It no mystery why Marination has received a TON of local and national recognition and  why 2-minutes after I ordered my food, a mob of 15 customers walked in eager to get their orders in. Marination Station is on point when it comes to creativity, execution, presentation and taste. If their Capitol Hill location is too far for a lunch break, never fear, they’ll come to you! Whether you’re in West Seattle, Sodo, Belltown, Fremont, South Lake Union or the International District, you can find their Mobile Food Truck daily schedule and location here – or follow them on Twitter @curb_cuisine. What are you waiting for?!?

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Cherry and I finally made it! Located in the Georgetown neighborhood of South Seattle, Katsu Burger specializes in Japanese influenced Katsu-style burgers. For anyone unfamiliar with the term katsu, it essentially means breaded and deep-fried. Traditionally, you can find tonkatsu (deep-fried and breaded pork cutlet) at Teriyaki restaurants and chicken katsu (chicken instead of pork) at Hawaiian restaurants. But what the heck is a katsu burger?! Exactly like it sounds, a breaded and deep-fried beef patty between two buns with a variety of Japanese influenced ingredients. I know… gluttony incarnate. Meats used here, are growth hormone and antibiotic free and their beef patties are all hand formed. It is a fairly small restaurant only seating about 20-people comfortably. The walls are brightly painted with Japanese-themed art and a large World map where visitors can pin where they’re from.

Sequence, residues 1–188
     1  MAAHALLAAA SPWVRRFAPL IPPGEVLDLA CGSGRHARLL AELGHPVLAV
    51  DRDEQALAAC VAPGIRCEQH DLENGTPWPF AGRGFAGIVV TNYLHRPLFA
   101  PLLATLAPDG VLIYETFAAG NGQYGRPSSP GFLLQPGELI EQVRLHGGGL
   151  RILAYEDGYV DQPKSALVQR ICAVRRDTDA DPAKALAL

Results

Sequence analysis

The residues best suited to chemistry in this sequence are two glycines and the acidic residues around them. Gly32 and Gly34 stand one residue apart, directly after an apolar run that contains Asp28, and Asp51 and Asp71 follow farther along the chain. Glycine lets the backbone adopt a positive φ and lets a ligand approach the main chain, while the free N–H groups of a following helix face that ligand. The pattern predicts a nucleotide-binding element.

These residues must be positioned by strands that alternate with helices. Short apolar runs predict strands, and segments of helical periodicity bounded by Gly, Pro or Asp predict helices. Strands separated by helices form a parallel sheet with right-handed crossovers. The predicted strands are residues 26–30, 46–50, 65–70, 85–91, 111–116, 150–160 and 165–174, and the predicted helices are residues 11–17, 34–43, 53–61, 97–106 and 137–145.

environmentally conscious!

The Food:

nori fries with wasabi mayo & miso honey mustard sauces

The nori (dried & seasoned seaweed) fries were a refreshing alternative to traditional salted fries. Seasoned nori has a nice balance of sweet and savory flavor, and atop the crispy fries, worked great. I personally love wasabi, but for those unfamiliar with the flavor, it is very similar to horseradish or Chinese hot mustard. So too much can definitely get your eyes watering! The wasabi mayo was well made – it carried a good strong flavor and was countered well by the mayo. Cherry’s favorite dipping sauce is honey mustard, so naturally she gravitated towards the miso honey mustard. The sauce had a very subtle miso undertone and overall was fairly sweet.

godzilla attack: fried beef patty, pepper jack cheese, jalapeños, spicy mayo & tonkatsu sauce